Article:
The tests reflect students’ abilities on one day as opposed to providing an accurate portrait of a year’s worth of leaning. Other issues which concern me is the stress it causes for students, that the PATs assess only a portion of of the curriculum and the results are not available until months later, hence they are of no use in the area of Assessment for Learning.
Recent research and practice in education has raised awareness about the impact of classroom assessment practises on student learning. More and more teachers are looking to explore and develop strategies in classroom assessment that improve teaching practices and student learning. As a result, classroom assessment and reporting practices look very different today from the practices that parents remember from their school days. Again, the practice of PATs do not support our current classroom practices and beliefs of assessment.
The word “assess” comes from the Latin root “assidere” which means “to sit beside”. The phrase Assessment for Learning turns day to day assessment into a teaching and learning process that enhances student learning, unlike PATs. Teachers work alongside students to assess their learning as they move through the leanning outcomes in the curriculum.
Assessment for Learning strategies are used in the classroom by both students and teachers in order to gather information on their learning. These strategies provide teachers, students, and parents with valuable information about student progress, and the next steps required for growth and improvement. The PATs are only a “snapshot” of student progress and do nothing for inform teaching and learning.
In summary, good assessement practices do the following:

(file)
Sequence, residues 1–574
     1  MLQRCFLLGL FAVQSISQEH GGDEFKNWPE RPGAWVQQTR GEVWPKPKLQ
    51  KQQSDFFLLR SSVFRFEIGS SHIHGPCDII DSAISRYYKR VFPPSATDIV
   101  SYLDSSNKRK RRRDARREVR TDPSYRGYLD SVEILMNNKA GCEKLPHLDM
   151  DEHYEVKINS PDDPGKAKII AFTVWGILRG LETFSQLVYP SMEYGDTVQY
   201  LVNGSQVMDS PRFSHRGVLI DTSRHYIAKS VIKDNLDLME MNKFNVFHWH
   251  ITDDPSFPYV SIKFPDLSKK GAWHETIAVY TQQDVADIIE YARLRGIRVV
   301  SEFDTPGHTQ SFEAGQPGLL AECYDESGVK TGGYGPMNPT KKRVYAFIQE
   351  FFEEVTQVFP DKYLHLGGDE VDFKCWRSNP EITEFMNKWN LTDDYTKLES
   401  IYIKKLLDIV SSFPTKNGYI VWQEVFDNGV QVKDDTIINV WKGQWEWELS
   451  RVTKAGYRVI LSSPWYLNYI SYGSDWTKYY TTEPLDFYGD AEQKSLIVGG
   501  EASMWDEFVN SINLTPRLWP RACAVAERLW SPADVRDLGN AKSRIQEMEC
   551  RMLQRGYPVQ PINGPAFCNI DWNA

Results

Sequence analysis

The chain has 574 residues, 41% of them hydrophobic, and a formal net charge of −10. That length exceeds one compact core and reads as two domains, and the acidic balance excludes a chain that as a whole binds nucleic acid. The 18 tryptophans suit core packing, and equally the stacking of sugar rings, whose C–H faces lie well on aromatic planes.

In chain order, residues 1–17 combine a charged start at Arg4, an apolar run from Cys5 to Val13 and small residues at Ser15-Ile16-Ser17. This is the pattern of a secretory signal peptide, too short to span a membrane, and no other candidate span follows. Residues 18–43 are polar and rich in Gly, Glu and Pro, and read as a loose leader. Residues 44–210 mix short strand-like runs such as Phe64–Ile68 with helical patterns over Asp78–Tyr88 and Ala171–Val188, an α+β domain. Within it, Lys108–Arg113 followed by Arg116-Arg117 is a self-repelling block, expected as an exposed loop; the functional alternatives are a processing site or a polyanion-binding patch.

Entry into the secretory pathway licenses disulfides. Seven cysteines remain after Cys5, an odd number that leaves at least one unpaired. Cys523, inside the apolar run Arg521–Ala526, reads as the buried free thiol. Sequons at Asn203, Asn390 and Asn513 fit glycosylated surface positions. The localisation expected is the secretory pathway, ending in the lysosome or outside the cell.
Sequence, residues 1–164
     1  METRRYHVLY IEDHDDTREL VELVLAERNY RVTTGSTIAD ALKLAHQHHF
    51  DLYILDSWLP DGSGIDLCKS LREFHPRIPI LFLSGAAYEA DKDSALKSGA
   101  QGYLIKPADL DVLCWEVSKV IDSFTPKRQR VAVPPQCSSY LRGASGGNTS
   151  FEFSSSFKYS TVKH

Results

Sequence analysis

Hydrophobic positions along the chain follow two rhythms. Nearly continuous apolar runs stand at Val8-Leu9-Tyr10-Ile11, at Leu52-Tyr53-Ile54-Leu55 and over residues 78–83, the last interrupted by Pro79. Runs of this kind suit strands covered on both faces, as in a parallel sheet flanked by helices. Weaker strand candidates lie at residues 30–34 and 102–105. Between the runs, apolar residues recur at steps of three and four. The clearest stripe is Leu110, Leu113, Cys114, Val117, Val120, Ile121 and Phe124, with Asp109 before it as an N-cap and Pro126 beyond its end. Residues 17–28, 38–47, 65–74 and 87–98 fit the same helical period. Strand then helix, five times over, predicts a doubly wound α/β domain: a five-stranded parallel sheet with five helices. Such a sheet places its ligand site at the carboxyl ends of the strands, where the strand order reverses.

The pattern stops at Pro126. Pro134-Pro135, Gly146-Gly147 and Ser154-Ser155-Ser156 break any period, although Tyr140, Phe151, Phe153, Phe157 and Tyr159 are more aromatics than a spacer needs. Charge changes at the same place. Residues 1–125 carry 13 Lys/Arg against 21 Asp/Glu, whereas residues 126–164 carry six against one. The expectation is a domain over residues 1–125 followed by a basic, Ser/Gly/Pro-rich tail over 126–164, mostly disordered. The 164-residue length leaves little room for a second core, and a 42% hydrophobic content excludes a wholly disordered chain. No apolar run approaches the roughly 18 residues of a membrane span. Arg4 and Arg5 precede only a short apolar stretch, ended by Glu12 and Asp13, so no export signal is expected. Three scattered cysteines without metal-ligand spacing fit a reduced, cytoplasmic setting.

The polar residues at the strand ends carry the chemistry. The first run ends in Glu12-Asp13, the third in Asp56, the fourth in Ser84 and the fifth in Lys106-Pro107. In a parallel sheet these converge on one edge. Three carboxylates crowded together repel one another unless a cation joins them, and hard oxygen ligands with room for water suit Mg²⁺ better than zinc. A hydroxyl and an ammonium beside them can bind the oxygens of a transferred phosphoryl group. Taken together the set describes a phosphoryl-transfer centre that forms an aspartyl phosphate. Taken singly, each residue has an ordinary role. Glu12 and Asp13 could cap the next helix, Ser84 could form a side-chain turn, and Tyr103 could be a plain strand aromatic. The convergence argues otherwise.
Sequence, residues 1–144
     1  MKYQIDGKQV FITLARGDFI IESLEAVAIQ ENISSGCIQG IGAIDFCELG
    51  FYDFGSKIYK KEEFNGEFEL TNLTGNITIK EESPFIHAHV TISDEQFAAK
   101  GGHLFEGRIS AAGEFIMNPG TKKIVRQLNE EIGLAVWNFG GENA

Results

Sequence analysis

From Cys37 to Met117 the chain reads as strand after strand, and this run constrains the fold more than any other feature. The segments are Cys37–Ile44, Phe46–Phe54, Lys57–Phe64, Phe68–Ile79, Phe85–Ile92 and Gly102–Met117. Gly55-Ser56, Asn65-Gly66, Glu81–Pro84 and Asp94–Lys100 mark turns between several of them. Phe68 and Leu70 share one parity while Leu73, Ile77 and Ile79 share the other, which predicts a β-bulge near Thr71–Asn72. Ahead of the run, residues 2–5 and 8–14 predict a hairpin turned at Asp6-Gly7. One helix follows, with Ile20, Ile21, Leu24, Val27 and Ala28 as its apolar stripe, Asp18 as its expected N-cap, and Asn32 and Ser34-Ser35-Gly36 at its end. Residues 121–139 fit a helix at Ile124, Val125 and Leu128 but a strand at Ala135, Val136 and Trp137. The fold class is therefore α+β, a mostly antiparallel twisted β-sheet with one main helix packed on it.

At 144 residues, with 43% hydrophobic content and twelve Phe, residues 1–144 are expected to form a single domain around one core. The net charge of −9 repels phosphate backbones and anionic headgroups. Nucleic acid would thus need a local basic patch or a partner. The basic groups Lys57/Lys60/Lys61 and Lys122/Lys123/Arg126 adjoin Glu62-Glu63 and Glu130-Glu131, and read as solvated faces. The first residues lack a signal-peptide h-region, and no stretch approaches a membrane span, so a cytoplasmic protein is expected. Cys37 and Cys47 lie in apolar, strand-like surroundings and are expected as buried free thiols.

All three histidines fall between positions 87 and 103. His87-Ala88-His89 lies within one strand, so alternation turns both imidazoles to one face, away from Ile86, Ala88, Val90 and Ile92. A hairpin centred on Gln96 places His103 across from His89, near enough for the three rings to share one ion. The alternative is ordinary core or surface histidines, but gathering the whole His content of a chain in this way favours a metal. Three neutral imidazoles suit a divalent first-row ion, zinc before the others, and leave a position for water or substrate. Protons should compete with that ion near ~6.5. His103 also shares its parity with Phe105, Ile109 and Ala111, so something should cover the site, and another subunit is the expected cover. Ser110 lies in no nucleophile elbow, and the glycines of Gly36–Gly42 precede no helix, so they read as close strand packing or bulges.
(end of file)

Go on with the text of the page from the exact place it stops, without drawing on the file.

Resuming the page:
PATs do none of the above!
I’d love to see this implemented (with lots of tweeking, naturally) because I believe it meets all the goals and reshapes our meetings in a way that models risk-taking, collaboration, relevant and maybe not so relevant technologies, and engagement.
1. News: Any recent news and clarification from the exfiles document that needs to be shared (this should be used sparingly and only for time-sensitive news).
2. Opening: Creativity and Engagement Activity
3. Storytelling/Community Building: Share Your Passion
4. Innovation and Stimulation: Thought Provoking Article/Blog Post, Video (Ted Talks) or Resource Discussion
5. Teaching and Learning Spotlight (teacher and students): demonstration, implementation strategies, technology tool(s) used, roadblocks, assessment strategies, and opinions
6. Q and A with Spotlight Teacher(s) and Students: short, 3-4 questions, and opinions
7. Collaborative Time to Reflect on 1-6 in the classroom or your area.
8. Ask any questions and also share thoughts from collaborative time.
9. Student Presentations: It would be nice to have students who have items to discuss. These could be “sit and get”, the value is having them present to the staff but they would be a tremendous addition-they could be “slotted in” between item three and four.